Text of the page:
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Why does Shakib really want a break?

  • Published at 07:16 am September 15th, 2017
Why does Shakib really want a break?
Shakib Al Hasan has asked the BCB for a six-month-long break from Test cricket and has been granted a break from the first Test against the Proteas, which starts later this month. For a team always clamouring for more and more international games, this might come as a surprise, but for Shakib it does make sense. See, he plays lots of franchise T20 cricket -- a lot more than what other top players in the world do in fact. Players like Virat Kohli, Steve Smith, and Joe Root all have played much less T20 cricket than Shakib has this year. It’s been a relentless season for the Number One ranked all-rounder in all formats of the game. In fact, he’s had no break since the turn of the New Year. He’s played the most number of matches across all formats for Bangladesh since his debut over a decade ago, but what really seems to have broken the camel’s back is the workload he had to endure during the two Tests against Australia and the over-reliance on him. He bowled over 90 overs in the two Tests and had to do quite a bit of batting in the first innings of the first Test as well. But it was evident that as the first Test match went on, fatigue seeped in. Workhorse derby He found a second wind in the fourth innings and helped Bangladesh to a historic victory, while also grabbing the Man of the Match award. In the second Test, he looked even more spent, and after bowling over 30 overs in the first innings, he managed just one wicket. He got out cheaply in both innings while batting and in the second innings, he really didn’t have much runs to bowl at. Bangladesh lost the match. It’s almost a case of “if Shakib fails, Bangladesh fails,” especially in Tests. We don’t really have an alternative to him either. Mehedi Hasan Miraz might be seen as the long-term successor to Shakib but he is far from the finished article, especially with the bat and against pace. South African conditions will be perfect for the pacers, and our spinners and batsmen will be tested to the fullest. Perhaps this is going to be Bangladesh’s toughest series in recent memory -- and this has been made all the more difficult without Shakib.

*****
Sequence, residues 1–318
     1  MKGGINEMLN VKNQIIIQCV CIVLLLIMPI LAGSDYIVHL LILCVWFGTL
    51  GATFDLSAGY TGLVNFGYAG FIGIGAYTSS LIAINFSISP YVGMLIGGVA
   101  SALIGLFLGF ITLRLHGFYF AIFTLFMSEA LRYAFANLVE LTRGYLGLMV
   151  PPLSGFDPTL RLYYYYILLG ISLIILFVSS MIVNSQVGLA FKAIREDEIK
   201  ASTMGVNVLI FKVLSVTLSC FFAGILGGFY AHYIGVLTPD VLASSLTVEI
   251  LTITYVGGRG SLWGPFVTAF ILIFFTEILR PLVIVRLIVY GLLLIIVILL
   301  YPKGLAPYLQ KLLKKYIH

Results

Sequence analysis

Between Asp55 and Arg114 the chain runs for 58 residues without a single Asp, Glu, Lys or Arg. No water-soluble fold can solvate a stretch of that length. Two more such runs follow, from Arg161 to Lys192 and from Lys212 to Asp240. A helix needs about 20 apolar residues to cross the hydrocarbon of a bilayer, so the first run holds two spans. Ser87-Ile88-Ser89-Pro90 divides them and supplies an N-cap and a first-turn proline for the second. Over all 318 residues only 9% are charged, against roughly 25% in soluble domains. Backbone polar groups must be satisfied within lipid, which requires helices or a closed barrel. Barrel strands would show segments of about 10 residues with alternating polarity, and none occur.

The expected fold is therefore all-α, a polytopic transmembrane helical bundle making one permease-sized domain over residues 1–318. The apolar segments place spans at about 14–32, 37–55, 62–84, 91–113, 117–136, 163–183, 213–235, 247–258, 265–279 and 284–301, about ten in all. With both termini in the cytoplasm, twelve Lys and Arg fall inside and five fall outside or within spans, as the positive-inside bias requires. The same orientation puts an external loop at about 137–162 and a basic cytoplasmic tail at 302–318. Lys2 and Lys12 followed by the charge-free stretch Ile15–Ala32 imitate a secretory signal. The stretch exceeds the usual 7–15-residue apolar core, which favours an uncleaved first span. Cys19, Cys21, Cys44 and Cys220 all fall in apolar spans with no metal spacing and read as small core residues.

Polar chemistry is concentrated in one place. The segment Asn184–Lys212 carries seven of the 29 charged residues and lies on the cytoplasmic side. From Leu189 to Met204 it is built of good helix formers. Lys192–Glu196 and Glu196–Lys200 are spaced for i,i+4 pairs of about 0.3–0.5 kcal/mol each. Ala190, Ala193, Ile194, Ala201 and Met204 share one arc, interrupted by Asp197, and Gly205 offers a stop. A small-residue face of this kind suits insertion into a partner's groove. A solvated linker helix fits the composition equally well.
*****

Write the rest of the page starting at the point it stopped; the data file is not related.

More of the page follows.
With all the mismanagement going on inside the team and the BCB, perhaps this is the first sign of long-forming cracks starting to appear on the surface
Now, given that Shakib isn’t playing the first Test and has been told by the BCB to play the second Test, if he’s up for it, begs the question as to how it reached this situation in the first place. Workload aside, the monetary aspect needs to be looked into as well. We know that T20s, especially franchise-based T20 leagues (where Shakib plays in six of them throughout the year) pays more than what international Test matches do. The effort of bowling up to four overs in a T20 is also much less than what it is for bowling, on average, 40 overs a Test. Money talks, walks, and plays If the ICC is worried about the future of Test cricket and its growth, then player management must fall under it. Already we have seen top players like AB de Villiers take a prolonged break from Tests to manage his workload while still playing franchise-based T20 cricket. The top-level Indian players don’t seem to have such issues as they don’t play franchise-based cricket in other countries apart from their own IPL. Plus they’re better remunerated. The BCB has no shortage of money to pay top-level cricketers and keep them better managed and motivated. There is no reason why this cannot be done to better ensure that cricketers don’t go off playing so many franchise T20 leagues. Even though the players’ salaries just recently got an increment, it is still not enough to compete with the likes of England, Australia, and India. A simple example of how workload has been managed just needs to be seen in the cases of England’s all-time leading Test wicket-taker James Anderson and all-time leading run-scorer Alaister Cook. They’ve both played over 100 Tests each and look good for many more years in the Test arena. However, they are not part of the limited overs team, nor are they chasing franchise-based T20 cricket. They’re paid well enough. With all the mismanagement going on inside the team and the BCB (starting from selection to the way the game has been managed in the first-class level), perhaps this is the first sign of long-forming cracks starting to appear on the surface. Shakib has just recently said he wants to play international cricket for five to six more years, but, at this rate, he’ll burn out within the next year or two. It’s time that the BCB stepped in, remunerated the players properly, and got a hold of a situation that could well get out of hand and hamper our cricket’s long-term future. Shahnoor Rabbani is a radio show host and cricket commentator at Radio Shadhin 92.4 FM.
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